• Frame your certificate to show your ultimate achievement.
• And much, much, much, much more.

In fact, there is so much more — some of it propriety intellectual property (patent pending) — that you will learn 2,397.5 things about Google+ in less than a week ... maybe a few days ... just a couple hours if you are a real go-getter.

That's 2,397.5 things about Google+ that we have learned in the first 250 hours of its launch, along with 158 bonus things that haven't even been introduced yet (but they will, probably, sooner or later). Tempted to enroll? Good! Because my HP Photosmart 8750 is already bustling with activity as we print 10,000 G+uru certificates and the only thing missing is YOUR NAME!

How Much Does It Cost? Much Less Than Its Value, Absolutely.

We are so convinced that the G+uru certification will be so invaluable that we won't even post the price for fear of breaking the Internet as this news gets out. I'm serious. This offer isn't going to go viral — it's going pandemic!

So how much do you think it would be worth if you were on the ground floor as a senior certified G+uru instructor now? Exactly. It's absolutely priceless.

G+uruIt's so priceless that in lieu of a certification enrollment fee, we're going to offer the first 500 people the opportunity of a lifetime. We will waive the enrollment fee in exchange for just two or three percent of your lifetime income after you become a G+uru.

Right. This program is so hot that we're willing to gamble on you. Do any of the other guys do that? No. Do they put their money where their mouths are? No. Do they throw in a free T-shirt? Only sometimes.

That's right. It's always the same song and dance with them. Pay once, pay first, and regret it all later. This dance is better. Pay later, pay forever, and never look back.

So what say you? Are you in to take over the Web? Good, because before I even published this post, three people signed up. It's not a revolution, it's an insurg+ence.

This post is satire, with nothing ill-tempered meant to any good sports mentioned. However, I do hope this rings as a true cautionary tale for some. Google+ is a tool. It seems like a very good tool too, just don't forget to use the one you were born with before reaching for your wallet.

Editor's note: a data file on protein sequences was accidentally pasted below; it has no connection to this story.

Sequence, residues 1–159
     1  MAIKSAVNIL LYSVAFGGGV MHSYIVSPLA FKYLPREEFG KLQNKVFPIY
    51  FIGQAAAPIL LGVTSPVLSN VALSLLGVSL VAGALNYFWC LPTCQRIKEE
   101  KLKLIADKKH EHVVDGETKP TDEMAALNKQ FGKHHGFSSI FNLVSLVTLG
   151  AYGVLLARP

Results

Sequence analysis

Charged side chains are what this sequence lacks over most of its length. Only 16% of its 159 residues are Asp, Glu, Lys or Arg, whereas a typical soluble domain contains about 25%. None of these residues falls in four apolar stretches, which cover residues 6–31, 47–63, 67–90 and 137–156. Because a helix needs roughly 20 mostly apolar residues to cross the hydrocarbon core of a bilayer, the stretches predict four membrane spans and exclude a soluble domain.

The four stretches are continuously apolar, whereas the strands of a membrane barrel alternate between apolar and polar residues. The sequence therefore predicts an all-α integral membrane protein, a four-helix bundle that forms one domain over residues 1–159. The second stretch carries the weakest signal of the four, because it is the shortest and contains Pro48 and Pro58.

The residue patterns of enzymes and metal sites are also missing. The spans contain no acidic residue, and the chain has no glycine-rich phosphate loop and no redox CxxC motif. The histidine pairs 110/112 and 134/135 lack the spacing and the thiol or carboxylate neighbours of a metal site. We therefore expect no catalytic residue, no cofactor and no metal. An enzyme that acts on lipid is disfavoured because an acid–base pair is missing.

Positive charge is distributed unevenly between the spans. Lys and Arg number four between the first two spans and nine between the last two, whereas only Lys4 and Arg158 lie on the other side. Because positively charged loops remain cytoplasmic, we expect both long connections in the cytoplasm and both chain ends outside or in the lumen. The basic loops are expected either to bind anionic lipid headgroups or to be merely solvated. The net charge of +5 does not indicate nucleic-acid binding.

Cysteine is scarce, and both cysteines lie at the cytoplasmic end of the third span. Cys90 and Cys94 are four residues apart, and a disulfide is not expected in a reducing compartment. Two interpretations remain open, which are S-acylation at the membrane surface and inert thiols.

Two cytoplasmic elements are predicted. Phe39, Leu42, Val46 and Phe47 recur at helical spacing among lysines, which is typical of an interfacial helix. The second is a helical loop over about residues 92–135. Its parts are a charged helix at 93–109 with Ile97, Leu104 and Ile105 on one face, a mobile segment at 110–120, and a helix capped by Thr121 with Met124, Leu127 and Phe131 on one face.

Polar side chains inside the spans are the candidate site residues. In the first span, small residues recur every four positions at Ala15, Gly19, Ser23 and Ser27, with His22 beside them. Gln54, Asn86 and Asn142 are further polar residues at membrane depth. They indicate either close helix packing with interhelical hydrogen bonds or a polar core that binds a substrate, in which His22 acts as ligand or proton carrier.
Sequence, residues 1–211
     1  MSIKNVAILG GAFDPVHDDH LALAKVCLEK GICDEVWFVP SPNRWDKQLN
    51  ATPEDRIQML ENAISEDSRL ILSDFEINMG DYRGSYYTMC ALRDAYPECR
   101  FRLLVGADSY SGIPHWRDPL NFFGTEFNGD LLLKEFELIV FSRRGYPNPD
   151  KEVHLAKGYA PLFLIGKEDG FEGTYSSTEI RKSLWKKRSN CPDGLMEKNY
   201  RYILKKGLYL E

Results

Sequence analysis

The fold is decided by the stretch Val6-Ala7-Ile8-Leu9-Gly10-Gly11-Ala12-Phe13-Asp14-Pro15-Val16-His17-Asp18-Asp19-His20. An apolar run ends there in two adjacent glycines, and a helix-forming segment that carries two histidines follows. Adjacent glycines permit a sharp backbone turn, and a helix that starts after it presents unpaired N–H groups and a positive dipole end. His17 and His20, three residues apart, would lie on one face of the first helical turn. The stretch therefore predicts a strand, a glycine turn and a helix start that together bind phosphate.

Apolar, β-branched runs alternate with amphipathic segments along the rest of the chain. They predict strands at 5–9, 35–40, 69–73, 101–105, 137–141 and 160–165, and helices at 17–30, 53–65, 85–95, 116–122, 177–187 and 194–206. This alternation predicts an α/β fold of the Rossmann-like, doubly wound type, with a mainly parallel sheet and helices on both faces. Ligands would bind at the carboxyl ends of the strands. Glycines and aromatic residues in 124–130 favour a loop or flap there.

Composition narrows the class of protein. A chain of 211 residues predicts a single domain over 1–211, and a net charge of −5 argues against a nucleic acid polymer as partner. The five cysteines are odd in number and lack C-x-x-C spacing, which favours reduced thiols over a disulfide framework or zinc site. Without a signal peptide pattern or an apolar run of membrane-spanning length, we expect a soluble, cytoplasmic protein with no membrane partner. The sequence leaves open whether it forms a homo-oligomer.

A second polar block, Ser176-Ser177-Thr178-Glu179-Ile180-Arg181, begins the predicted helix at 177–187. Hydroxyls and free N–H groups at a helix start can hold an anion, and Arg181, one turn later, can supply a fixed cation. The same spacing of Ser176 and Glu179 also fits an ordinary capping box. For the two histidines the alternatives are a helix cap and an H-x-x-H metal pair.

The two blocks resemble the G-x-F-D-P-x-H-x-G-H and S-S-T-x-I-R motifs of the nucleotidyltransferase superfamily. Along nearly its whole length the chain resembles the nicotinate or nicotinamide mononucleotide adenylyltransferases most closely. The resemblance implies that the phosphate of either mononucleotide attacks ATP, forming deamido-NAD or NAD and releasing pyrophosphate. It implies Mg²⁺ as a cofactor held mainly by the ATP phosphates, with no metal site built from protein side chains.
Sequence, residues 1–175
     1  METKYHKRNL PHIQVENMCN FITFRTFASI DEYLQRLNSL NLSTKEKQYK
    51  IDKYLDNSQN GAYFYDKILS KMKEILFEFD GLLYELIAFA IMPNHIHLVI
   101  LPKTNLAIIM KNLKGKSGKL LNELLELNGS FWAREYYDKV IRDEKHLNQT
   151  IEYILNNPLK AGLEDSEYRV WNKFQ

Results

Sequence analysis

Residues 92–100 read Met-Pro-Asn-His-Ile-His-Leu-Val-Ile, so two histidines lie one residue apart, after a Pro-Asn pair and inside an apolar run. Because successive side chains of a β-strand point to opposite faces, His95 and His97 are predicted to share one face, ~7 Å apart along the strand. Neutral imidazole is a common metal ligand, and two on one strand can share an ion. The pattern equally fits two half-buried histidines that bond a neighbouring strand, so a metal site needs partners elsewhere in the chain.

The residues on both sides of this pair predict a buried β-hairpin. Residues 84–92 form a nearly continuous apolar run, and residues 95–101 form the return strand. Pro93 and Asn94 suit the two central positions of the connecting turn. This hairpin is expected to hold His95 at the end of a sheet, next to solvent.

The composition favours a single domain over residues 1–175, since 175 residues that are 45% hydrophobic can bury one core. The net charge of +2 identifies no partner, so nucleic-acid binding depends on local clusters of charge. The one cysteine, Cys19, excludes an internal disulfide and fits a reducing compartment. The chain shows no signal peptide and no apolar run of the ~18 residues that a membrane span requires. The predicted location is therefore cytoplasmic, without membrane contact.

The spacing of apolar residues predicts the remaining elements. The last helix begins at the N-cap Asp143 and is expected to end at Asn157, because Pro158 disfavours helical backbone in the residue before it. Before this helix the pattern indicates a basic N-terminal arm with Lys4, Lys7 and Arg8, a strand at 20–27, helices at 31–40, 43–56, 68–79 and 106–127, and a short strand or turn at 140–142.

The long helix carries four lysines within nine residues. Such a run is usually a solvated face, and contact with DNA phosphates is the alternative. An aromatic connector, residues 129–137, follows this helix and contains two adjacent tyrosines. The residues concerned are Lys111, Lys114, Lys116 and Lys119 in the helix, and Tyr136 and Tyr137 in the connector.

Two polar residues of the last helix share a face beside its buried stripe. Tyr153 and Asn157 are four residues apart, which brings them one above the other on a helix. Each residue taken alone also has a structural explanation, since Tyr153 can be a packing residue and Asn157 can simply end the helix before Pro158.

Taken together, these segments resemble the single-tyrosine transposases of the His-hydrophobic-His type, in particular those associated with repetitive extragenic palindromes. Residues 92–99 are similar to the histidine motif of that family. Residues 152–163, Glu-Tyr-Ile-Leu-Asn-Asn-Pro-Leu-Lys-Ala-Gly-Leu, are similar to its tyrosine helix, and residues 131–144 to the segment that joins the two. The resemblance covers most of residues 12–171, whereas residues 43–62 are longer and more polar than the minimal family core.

Thursday, September 17

Unselling Sex And Other Stuff: Buyology

With 25 percent of all search results for the world's top brands linked to blogs, forums, and tweets, is it any wonder communication is being challenged? But just as fast as social media professionals are chatting about the tools they use on a daily basis, neuroscience is also opening up doors and changing convictions that were long thought to be held true.

Sex Doesn't Sell

Sex doesn't sell, at least not according to research conducted by Martin Lindstrom, whose book, Buyology: Truth and Lies about Why We Buy. Lindstrom's case is simple enough: it detracts from the intended message and seems to hold true based on brainwaves.

It's also one of the many sound bites that most reviewers picked up on because, unlike sex, controversy sells (or so says the author). It helped sell the reviews; and it helped sell the book. (The down side is controversy is not sustainable.)

So how can that be about sex? Because what the author doesn't reveal is that most communicators knew sex never sold. It simply captured people's attention. After that, the ability to sell the product relies on the ability to move the reader into something else. Unless, of course, you are selling sex. And that is a different subject all together.

But It Tried To Sell Buyology

Buyology certainly has some high points, given I had recently read What Would Google Do? by Jeff Jarvis (which I have no desire to review) and was reminded by Lindstrom that Ford Motor Company had asked consumers to build their own car well before Jarvis was shouting that companies ought to do the same. The model flopped.